“In my opinion, the current high school cannot be held liable,” said Tim Burns in a telephone interview. “I would be surprised if the current institution would have to pay one penny.”
Burns, a graduate of Bishop McCort who continues to provide financial support, became publicly involved in the Baker matter when the Bishop McCort board put Principal Ken Salem on leave shortly after the allegations surfaced.
Salem, who earlier also served as part of the football coaching staff, submitted his resignation in June.
He became principal following the 2006 promotion of Principal Sister Donna Marie Leiden to the post of director of education for the diocese.
Salem graduated from the school in 1987.
The continuing role of Leiden in educational matters at Bishop McCort and other schools has been questioned by some lay school supporters, but it is something Tony DeGol, secretary of communications for the diocese, does not discuss.
DeGol said in an email Friday that he is not in a position to know details regarding Bishop McCort and Salem.
“I do know that the McCort board has no control over the status of Sister Donna Marie since she is a diocesan employee,” he said.
Meanwhile Burns and other who have talked to The Tribune-Democrat wish all parties would be working toward an out-of-court settlement, similar to what is occurring in Blair County.
Serbin and the diocese confirmed last month that settlement talks were in the works for at least some of Baker’s alleged victims. Last week, President Judge Jolene Kopriva gave Serbin six months to work out an agreement before pressuring him to file a complaint.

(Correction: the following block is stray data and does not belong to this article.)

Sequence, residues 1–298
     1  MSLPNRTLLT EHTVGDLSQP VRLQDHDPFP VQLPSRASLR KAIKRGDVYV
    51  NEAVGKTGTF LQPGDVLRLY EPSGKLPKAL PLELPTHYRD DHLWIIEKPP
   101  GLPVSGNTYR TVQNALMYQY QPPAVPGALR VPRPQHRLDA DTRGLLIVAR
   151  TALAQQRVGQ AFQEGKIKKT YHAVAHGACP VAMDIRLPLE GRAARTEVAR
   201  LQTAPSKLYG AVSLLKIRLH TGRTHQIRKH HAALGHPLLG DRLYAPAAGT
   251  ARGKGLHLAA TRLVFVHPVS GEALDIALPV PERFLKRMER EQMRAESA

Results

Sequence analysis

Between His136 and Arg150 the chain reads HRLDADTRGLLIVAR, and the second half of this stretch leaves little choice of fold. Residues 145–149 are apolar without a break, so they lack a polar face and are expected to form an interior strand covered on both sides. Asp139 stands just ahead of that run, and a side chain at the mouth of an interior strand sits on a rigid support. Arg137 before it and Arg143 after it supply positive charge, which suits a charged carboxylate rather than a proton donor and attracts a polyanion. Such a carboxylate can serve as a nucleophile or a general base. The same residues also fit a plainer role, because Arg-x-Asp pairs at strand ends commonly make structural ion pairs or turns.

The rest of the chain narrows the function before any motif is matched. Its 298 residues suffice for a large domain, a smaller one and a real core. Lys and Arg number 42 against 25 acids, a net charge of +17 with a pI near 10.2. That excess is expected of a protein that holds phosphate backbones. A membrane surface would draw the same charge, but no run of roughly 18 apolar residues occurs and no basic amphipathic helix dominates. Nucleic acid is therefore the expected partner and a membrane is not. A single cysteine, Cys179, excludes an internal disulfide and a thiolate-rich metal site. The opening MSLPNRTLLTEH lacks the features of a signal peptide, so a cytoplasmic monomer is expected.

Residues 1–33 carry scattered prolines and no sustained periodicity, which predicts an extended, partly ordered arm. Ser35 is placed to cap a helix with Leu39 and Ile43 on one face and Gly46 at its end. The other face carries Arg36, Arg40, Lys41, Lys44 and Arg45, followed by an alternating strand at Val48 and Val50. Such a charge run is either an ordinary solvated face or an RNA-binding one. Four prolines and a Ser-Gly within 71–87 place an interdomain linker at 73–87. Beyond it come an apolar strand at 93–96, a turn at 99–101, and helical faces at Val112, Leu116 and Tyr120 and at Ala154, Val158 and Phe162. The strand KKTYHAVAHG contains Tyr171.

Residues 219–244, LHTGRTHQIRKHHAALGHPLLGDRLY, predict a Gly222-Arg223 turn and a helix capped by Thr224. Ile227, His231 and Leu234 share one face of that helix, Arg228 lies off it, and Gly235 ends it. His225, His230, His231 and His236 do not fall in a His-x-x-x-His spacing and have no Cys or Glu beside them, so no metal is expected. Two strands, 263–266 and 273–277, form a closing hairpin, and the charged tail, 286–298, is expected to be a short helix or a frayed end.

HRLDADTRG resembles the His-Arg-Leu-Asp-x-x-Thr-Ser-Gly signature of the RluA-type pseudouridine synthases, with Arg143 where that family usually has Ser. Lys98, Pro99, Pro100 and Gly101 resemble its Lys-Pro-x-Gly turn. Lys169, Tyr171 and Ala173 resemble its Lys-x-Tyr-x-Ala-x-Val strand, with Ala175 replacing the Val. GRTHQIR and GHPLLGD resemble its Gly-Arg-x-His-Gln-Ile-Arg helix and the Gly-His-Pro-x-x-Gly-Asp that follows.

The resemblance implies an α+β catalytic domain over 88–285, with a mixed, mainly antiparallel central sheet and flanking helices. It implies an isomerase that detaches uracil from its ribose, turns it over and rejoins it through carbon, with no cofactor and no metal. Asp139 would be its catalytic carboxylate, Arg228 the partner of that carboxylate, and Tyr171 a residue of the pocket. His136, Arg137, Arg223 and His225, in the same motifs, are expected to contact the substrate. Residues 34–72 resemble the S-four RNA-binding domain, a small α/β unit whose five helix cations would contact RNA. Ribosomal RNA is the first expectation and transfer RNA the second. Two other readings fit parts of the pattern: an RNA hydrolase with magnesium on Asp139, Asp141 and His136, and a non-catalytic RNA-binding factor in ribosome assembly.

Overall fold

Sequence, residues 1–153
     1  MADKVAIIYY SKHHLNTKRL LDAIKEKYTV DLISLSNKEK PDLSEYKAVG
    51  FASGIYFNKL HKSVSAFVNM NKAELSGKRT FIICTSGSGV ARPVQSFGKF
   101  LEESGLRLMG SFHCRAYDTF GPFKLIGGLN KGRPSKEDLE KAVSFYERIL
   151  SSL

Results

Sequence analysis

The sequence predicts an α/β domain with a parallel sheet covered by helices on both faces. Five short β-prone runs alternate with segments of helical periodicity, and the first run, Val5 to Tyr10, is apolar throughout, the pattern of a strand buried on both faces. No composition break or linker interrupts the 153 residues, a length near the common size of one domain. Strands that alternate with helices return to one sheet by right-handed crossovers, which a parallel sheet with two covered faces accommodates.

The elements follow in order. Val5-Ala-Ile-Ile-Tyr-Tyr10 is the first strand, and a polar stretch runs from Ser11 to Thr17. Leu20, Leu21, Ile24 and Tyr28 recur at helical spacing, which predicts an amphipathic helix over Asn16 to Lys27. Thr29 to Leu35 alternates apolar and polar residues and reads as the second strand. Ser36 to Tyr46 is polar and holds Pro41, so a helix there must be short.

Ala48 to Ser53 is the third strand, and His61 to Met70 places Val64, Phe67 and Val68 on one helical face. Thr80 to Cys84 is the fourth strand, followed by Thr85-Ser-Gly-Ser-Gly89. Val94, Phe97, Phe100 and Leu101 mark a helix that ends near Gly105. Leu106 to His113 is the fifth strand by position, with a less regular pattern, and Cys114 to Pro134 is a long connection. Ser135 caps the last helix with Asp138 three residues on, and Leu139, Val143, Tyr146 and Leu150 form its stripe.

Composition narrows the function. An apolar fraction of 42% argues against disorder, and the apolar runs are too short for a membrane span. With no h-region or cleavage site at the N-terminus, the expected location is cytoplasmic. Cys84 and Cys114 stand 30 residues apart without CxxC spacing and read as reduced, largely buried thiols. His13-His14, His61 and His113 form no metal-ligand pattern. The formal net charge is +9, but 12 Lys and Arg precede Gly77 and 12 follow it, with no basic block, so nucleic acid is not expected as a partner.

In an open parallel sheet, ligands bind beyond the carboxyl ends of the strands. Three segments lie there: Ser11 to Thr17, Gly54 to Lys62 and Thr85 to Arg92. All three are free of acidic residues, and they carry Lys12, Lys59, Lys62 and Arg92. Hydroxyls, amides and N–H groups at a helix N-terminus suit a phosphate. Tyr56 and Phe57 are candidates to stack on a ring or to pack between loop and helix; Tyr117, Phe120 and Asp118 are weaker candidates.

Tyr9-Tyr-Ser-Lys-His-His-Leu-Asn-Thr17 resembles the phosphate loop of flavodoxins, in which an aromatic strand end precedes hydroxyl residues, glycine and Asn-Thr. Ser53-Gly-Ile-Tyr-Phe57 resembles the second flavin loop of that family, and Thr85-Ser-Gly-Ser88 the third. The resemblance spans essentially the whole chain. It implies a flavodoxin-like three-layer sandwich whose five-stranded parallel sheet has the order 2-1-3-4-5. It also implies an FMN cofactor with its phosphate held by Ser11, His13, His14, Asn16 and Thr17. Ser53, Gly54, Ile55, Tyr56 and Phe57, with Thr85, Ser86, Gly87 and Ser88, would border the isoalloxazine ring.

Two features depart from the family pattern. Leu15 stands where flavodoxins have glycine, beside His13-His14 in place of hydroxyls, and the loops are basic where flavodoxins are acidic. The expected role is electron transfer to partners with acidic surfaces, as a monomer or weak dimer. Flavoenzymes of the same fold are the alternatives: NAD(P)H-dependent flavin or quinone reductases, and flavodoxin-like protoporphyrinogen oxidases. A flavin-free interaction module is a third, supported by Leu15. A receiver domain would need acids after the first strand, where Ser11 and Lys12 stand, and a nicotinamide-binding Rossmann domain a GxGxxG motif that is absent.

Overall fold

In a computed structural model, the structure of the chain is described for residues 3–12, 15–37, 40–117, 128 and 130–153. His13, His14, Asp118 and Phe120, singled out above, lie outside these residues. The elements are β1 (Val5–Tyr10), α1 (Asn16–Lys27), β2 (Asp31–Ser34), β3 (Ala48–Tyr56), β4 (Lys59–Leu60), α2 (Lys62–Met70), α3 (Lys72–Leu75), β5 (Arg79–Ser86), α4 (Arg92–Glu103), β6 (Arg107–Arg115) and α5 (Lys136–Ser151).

Any complaint likely would not include victims’ names, but it would spell out times, dates, locations and details of the acts Baker allegedly performed on the students.
“I’m in favor of letting this lay, instead of putting this on the front page of your newspaper,” Burns said of the Cambria County case.
The source of the money needed for any settlement to victims has generated fodder for the grapevine in recent weeks.
But indications are that any of the diocesan share of the settlements will come from insurance and the diocese coffers.
Helen Osman, secretary of communications for the United States Conference of Catholic Bishops, said dioceses in the United States carry insurance against such claims. The individual parishes are not asked to contribute and the Vatican in Rome does not supply funds to help with settlements.
Robert Hoatson, a victims’ advocate, said that while the diocese is not in Los Angeles or New York, it has money.
“I’m sure they don’t have a huge stash, but they have money,” he said. “Insurance pays for most of this anyway.”
The diocese took a hit several years ago following a three-month civil trial in Blair County prompted by a lawsuit filed by Michael Hutchison, a boy abused over several years by the Rev. Francis Luddy.
A jury determined that Hutchison should receive more than $1 million in damages as a result of the abuse. That figure was increased to $2.7 million after interest was added on, the result of years of delay through appeals by the diocese.
Serbin was the attorney representing Hutchison.
Meanwhile, of concern to some, including Burns, is that pushing for the complaint to be filed against Bishop McCort and others will put the school and the diocese at odds.
Any such rift was not confirmed by DeGol.
“The diocese is not going to take a public position on the actions of the Bishop McCort board of trustees or its attorney regarding this case,” DeGol said.